Seth Godin (via BoingBoing) offers some cogent reflections on “the art and skill of working with bureaucrats,” pointing out that the reason you tend to see the same companies in all the airports is that they’ve optimized for tolerating municipal bureaucracies.
The applicability to working at a public university is left as an exercise for the reader. There’s the Platonic Idea of a university as it exists in your head, and there’s the university where you actually teach. A gap probably exists between these two models. You can:
- Complain bitterly about about the gap, or
- Figure out how to make the real university work for you. It won’t be perfect, but it will sometimes be pretty cool.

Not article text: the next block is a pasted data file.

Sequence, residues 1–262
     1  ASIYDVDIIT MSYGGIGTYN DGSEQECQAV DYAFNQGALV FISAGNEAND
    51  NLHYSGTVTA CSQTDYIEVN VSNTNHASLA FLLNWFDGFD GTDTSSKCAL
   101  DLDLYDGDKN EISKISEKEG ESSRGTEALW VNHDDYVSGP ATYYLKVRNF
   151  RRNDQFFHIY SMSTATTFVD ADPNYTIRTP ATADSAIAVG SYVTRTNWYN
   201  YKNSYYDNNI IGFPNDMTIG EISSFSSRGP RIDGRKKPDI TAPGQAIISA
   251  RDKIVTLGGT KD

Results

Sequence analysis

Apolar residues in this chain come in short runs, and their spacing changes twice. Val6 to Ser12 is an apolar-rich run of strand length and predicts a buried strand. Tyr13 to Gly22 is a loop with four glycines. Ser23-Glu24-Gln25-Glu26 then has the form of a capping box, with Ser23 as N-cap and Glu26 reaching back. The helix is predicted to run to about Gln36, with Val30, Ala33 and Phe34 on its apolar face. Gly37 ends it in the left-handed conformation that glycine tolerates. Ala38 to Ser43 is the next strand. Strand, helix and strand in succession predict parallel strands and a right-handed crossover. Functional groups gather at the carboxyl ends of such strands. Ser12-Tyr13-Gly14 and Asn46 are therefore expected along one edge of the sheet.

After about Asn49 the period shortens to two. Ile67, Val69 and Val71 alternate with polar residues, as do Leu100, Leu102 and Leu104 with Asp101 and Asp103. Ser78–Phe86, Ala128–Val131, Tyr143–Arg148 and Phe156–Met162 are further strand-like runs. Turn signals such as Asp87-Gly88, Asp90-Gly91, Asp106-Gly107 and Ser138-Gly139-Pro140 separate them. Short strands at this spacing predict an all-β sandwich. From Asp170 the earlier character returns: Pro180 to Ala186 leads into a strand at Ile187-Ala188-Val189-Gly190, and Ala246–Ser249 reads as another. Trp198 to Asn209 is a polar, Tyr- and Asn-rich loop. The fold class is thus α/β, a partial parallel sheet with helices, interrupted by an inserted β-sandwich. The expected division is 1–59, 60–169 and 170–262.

Which isn’t to say you shouldn’t try to reduce the gap, of course. But a complex thing like a university will never be what *you* want it to be.
If you walk through door #1, congratulations, you remain pure and intellectually awesome. Of course, your colleagues probably hate you, and at least some opportunities, for yourself, for your students, and for your campus, will be sacrificed on the altar of your purity.
Door #2 requires a bit more tolerance for the fact that things won’t go “right.” You won’t get what you wanted, exactly. But you can still do things that are cooler than you might expect, and you can build on those experiences to do still more cool things.
Arguably related: this CNN.com/Oprah.com article on surviving difficult coworkers.